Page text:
Seeds and Skills for Women to Grow Vegetables

by Seed Programs International
Seeds and Skills for Women to Grow Vegetables
Seeds and Skills for Women to Grow Vegetables
Seeds and Skills for Women to Grow Vegetables
Seeds and Skills for Women to Grow Vegetables
Seeds and Skills for Women to Grow Vegetables
Seeds and Skills for Women to Grow Vegetables
Seeds and Skills for Women to Grow Vegetables
Seeds and Skills for Women to Grow Vegetables
Seeds and Skills for Women to Grow Vegetables
Seeds and Skills for Women to Grow Vegetables
Seeds and Skills for Women to Grow Vegetables
Seeds and Skills for Women to Grow Vegetables
Seeds and Skills for Women to Grow Vegetables
Seeds and Skills for Women to Grow Vegetables
Seeds and Skills for Women to Grow Vegetables
Seeds and Skills for Women to Grow Vegetables
Seeds and Skills for Women to Grow Vegetables
Seeds and Skills for Women to Grow Vegetables
Villagers receiving seeds at training
Villagers receiving seeds at training

Hi folks, 

Recently, we had the privilege of partnering with AMPATH to introduce vegetable farming to Group Integrated Savings and Health Empowerment (GISHE) members in western Kenya. Both GISHE and AMPATH are supporting the new Universal Health Coverage initiatives in Busia County. Our first quarter reports are in, and we are happy to announce several successful activities from the program. 

At the beginning of 2021, Group Empowerment Service providers (GESPS) members were debriefed on the Seed Project International program. AMPATH, Amiran, Ministry of Agriculture and Ministry of Health provided facilitators to train GESPS participants and familiarize them with vegetable farming needs. Then, 10 demo sites were selected to help model best practices and gain practical experience farming. The nearly 600 beneficiaries selected by AMPATH’s Social Behavioral Team (SBT) will primarily be maintaining a sack garden. We supplied spinach, onion, tomato, watermelon, capsicum, kale and coriander seeds to AMPATH and their training officers who then distributed the seeds to the beneficiaries. 

There were some minor setbacks like delays in availing seeds to beneficiaries, a shortage in choice of seeds, and a limited number of seeds, however, we plan on bridging the gap quickly. In the next quarter, we plan on helping establish the demo plots by availing necessary equipment, transplanting seeds from nurseries, distributing vertical sacks, and keeping up-to-date with the team’s progress.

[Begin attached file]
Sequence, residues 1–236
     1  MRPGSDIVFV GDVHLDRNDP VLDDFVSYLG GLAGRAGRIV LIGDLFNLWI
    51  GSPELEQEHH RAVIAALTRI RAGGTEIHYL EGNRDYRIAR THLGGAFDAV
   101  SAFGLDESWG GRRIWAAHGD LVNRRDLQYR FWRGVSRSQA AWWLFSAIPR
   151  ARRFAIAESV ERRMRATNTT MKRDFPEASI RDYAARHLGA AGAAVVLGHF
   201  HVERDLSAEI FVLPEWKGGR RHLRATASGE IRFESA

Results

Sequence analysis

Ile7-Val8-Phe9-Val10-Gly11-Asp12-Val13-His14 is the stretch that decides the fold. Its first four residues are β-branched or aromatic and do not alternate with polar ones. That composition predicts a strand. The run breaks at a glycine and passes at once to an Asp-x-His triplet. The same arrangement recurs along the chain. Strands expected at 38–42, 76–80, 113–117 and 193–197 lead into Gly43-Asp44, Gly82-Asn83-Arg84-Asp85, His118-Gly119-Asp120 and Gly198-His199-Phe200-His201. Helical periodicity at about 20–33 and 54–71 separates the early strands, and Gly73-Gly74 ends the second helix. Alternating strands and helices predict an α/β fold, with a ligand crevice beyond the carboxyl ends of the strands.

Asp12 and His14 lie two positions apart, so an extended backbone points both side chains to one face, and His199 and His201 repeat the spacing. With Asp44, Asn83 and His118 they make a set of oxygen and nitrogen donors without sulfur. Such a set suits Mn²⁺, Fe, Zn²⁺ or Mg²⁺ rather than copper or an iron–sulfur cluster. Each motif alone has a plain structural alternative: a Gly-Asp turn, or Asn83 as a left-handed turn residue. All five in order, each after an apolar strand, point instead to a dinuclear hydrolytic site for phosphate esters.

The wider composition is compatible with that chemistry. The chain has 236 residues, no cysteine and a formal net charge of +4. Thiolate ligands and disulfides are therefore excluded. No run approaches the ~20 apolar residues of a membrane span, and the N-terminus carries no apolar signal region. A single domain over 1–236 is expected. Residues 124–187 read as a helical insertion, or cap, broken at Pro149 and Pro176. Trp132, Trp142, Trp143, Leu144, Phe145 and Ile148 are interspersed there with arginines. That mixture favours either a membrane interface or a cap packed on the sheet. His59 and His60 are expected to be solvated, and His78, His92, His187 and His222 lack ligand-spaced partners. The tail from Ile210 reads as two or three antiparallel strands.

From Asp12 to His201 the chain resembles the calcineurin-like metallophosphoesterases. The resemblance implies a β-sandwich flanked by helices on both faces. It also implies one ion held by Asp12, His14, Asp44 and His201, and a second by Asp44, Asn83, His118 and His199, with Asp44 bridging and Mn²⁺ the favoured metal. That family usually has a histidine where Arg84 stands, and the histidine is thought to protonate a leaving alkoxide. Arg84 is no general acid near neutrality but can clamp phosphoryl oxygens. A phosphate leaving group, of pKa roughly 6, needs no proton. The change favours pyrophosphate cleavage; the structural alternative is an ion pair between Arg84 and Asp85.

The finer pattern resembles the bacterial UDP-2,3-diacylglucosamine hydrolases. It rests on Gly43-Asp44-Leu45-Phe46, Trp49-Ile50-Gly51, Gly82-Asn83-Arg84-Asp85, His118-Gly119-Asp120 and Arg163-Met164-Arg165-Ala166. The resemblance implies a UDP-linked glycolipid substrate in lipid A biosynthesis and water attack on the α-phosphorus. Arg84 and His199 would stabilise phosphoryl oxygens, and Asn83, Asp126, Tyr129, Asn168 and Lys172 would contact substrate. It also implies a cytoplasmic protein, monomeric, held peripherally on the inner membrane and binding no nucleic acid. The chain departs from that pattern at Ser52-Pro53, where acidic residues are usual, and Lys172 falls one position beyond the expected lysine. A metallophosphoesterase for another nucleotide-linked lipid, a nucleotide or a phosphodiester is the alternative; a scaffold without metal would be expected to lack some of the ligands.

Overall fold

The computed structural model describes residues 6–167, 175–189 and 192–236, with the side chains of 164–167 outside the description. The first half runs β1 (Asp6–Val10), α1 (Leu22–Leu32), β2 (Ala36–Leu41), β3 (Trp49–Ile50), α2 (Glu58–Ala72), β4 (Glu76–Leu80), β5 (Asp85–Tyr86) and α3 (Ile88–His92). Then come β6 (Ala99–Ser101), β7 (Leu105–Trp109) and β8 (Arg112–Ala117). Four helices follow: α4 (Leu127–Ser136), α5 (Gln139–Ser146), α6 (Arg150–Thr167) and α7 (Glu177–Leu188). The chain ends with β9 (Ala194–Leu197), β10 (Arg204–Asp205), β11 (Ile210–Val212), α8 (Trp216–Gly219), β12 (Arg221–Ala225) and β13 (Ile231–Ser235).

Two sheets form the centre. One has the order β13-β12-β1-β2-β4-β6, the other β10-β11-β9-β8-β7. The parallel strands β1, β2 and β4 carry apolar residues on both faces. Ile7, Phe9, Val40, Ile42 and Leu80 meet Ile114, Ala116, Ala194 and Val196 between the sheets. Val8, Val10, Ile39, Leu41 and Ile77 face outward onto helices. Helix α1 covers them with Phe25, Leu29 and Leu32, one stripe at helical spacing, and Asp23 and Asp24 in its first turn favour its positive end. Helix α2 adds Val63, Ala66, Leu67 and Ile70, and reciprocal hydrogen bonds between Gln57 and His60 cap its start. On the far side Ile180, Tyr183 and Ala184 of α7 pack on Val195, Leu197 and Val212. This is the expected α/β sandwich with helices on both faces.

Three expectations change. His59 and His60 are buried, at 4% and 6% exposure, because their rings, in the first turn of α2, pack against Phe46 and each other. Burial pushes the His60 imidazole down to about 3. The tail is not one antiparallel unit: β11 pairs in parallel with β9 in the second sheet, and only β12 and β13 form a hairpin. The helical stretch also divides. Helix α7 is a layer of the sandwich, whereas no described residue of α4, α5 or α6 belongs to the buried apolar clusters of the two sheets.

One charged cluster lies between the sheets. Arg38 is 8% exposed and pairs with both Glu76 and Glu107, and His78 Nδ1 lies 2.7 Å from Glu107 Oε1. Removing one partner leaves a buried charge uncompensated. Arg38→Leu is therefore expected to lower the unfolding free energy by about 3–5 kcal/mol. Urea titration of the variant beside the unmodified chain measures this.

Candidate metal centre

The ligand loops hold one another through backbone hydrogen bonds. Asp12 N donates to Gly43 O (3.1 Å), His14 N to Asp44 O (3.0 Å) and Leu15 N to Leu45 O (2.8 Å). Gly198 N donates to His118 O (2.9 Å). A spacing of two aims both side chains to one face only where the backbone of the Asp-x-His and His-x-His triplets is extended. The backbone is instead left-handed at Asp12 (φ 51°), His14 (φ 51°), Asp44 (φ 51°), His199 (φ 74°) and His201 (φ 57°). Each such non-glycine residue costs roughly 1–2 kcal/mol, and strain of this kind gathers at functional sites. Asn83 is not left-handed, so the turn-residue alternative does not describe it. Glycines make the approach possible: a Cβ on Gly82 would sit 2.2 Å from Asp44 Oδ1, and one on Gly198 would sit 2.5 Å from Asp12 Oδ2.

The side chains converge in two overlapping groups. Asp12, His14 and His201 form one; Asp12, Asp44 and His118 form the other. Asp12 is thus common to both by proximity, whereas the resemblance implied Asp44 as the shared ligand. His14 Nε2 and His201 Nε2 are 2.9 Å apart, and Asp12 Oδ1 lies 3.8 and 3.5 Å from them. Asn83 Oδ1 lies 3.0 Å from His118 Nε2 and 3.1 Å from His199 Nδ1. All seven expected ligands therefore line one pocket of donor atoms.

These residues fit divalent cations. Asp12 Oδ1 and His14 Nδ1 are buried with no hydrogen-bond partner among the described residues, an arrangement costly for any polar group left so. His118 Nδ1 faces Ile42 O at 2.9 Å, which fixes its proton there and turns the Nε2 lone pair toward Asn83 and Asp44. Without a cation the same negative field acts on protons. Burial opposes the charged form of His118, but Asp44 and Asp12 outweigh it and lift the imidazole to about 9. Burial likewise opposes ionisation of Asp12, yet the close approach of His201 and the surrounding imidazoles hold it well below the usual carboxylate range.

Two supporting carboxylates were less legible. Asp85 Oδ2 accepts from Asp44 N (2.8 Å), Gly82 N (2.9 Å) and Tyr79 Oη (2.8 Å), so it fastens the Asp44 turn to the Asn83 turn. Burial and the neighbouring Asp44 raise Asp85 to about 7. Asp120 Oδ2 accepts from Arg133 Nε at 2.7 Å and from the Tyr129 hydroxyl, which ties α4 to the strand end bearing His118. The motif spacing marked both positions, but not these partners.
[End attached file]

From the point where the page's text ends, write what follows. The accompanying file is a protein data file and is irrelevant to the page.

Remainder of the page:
Two participants have shared their stories about the impact of our blossoming program. The first comes from Ester, a founding member of Mama Murindi’s self-help group, in the surrounding village. In 2015 Ester started agribusiness activities with the help of her husband and children but reported having some difficulties managing crops. She knew she needed training but her opportunities were limited until AMPATH organized their vegetable garden training. She believes that through the best practices training she received she is better equipped to manage her vegetable crops and tackle disease/pest damage. When our seeds were delivered mid-April, Ester was one of our beneficiaries who received the seeds at no cost. Now, she can provide extra nutrition to her family and increase her business’s profits.  

Our second perspective comes from Abdalla, a GISHE group trainer and farmer in Makunda village. He is also one of the farmers who received tomato, onion, kale, coriander, capsicum, watermelon and spinach seeds. Abdalla praises the vegetable gardening training for supporting him and his livelihood. He has also voiced concern about crop management causing problems with his production and sales. Abdalla cites the virtual Integrated Pest Management training, which provided pesticide-free avenues for crop protection, as being particularly useful and he plans to incorporate it on his farm. Producing safe, healthy crops for himself and the market enable him, like Ester, to ensure his family and community are well-nourished. Taking his skills further, as an experienced leader and trainer, Abdalla has offered to host a demo plot to help support other beneficiaries. He prepared the seed beds by applying the skills he learned at the January training.